Black/dried juvenile leaves at the top of the stems are the result of under-watering. Sit the plant in a bucket/large container of water to allow the rootball to become thoroughly soaked. After 15 minutes, take the plant and repot it into the next sized pot with a 'Houseplant' labelled potting mix. Wait a day before watering the plant to settle it into its new home. This will wrap the rootball in a cushion of moist soil to provide a more consistent environment for your Umbrella Tree to grow in.  

Low light may also cause new growth to develop with an absence of variegations. If you're not overly bothered about this texture, keep the plant where it is, or relocate it to a brighter location.

Pest damage and Umbrella Trees go hand in hand. Check the leaves' undersides and along the central archways (midrib) for possible infestations of Scale. Along with the brown ovular shells, they'll produce a shiny sticky substance that'll develop on the top sides of the leaves - this is what's known as sooty mould. Click on the hyperlink above to learn more about how to eradicate this pest.

Another common pest are Spider Mites, which are small, near-transparent critters that'll slowly extract the chlorophyll from of its leaves. Have a check under the leaves, most notably along the midrib, for small webs and gritty yellow bumps. Click here to read our article about eradicating Spider Mites, along with some extra tips that you may not find elsewhere!

Sudden leaf-loss is a common issue with Umbrella Trees. In most cases, it's caused by low light and a lack of irrigation, most notably on variegated specimens. We'd recommend increasing the light level slightly and hydrate the soil more frequently; fertilise every third water with a 'Houseplant' labelled feed for the next two months to see if this begins to help the situation.

Environmental Shock is a familiar occurrence with newly-located specimens, that usually results in stunted growth and lower leaf loss (common). When a plant is relocated into a new, unfamiliar setting, the effects can be catastrophic. The humidity, temperature and light levels will all suddenly shift into different proportions, inflicting great stress the individual. There are two options of addressing this issue; either wait it out or relocate it into a more Umbrella Tree-friendly environment. As long as the specimen appears healthy with little change to its pre-existing leaves, new nodular growth should emerge in the following months.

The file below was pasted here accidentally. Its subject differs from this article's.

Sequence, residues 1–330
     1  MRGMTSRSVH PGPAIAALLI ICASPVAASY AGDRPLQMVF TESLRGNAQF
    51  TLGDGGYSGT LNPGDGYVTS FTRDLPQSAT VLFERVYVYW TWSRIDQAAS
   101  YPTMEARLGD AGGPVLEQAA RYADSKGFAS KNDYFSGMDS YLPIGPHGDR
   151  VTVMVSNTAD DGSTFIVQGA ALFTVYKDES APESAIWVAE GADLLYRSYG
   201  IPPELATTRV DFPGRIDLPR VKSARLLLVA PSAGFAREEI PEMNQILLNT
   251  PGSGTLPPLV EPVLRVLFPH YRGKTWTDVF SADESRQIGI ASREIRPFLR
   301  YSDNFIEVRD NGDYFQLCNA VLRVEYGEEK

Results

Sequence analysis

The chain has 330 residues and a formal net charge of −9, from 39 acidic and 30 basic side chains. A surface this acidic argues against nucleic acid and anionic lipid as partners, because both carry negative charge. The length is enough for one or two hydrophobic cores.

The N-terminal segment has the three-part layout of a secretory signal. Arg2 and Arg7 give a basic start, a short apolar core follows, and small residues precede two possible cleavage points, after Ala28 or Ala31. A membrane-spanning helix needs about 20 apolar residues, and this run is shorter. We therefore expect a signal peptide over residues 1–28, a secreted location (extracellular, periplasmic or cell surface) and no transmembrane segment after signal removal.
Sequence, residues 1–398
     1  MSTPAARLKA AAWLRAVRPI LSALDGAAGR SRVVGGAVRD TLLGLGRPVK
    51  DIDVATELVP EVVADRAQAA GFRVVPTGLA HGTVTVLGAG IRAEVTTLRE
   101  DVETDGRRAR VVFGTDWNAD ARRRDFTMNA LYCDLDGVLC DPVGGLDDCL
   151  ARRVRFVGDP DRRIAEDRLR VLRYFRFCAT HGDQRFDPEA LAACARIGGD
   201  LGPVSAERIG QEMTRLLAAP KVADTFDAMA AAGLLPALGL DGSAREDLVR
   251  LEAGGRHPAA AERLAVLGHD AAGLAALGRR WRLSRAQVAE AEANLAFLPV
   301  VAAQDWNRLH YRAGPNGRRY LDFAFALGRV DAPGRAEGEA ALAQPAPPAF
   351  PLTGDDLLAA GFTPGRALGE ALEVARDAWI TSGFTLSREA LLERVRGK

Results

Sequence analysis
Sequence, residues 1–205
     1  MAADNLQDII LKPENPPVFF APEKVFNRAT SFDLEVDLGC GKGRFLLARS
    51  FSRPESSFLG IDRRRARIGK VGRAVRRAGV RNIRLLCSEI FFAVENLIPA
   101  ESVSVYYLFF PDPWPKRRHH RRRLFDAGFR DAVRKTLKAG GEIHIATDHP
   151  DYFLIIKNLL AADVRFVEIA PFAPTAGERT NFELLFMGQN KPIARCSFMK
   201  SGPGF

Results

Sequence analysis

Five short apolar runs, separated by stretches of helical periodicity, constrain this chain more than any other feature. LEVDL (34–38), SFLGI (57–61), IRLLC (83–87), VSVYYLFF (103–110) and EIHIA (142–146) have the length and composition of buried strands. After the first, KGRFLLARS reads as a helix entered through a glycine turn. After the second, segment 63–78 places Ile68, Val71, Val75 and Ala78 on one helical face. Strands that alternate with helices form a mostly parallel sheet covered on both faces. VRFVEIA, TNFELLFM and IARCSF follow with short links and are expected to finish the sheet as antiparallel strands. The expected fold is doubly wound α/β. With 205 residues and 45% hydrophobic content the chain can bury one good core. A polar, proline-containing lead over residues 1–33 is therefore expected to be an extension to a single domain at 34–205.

Yellowing lower leaves is a clear sign of over-watering, commonly sped up by too little light. Although non-variegated specimens can do well in low light, irrigations must be reduced to counteract the chance of root rot. This soil-borne disease is the breakdown of the root systems that'll inhibit the plant's ability to soak up moisture and vital nutrients for growth, thus resulting in wilting and yellowed leaves.

You'll know when an Umbrella Tree is in a dormancy period as there'll be no growth emerging from the stem's tip. Keep the plant well-fed & provide a location within 2m (6ft) of a window if yours hasn't grown in three months. 

Always use lukewarm water, and if you choose to use tap water, allow it to stand for at least 24hrs before application. Their root systems tend to be quite sensitive to temperature change, so pouring cold tap water into the pot will not only ironise the roots, but could even cause yellowed halos around each leaf.

Transplant shock is a big issue when it comes to repotting; give the plant a good soak 24hrs before the action and never tinker with the roots, unless it has been affected by root rot. Typical signs of transplant shock are largely similar to under-watering (wilting, yellowing leaves and stunted growth). For more information about addressing this issue, click on this link and scroll down to the 'Transplant Shock' section!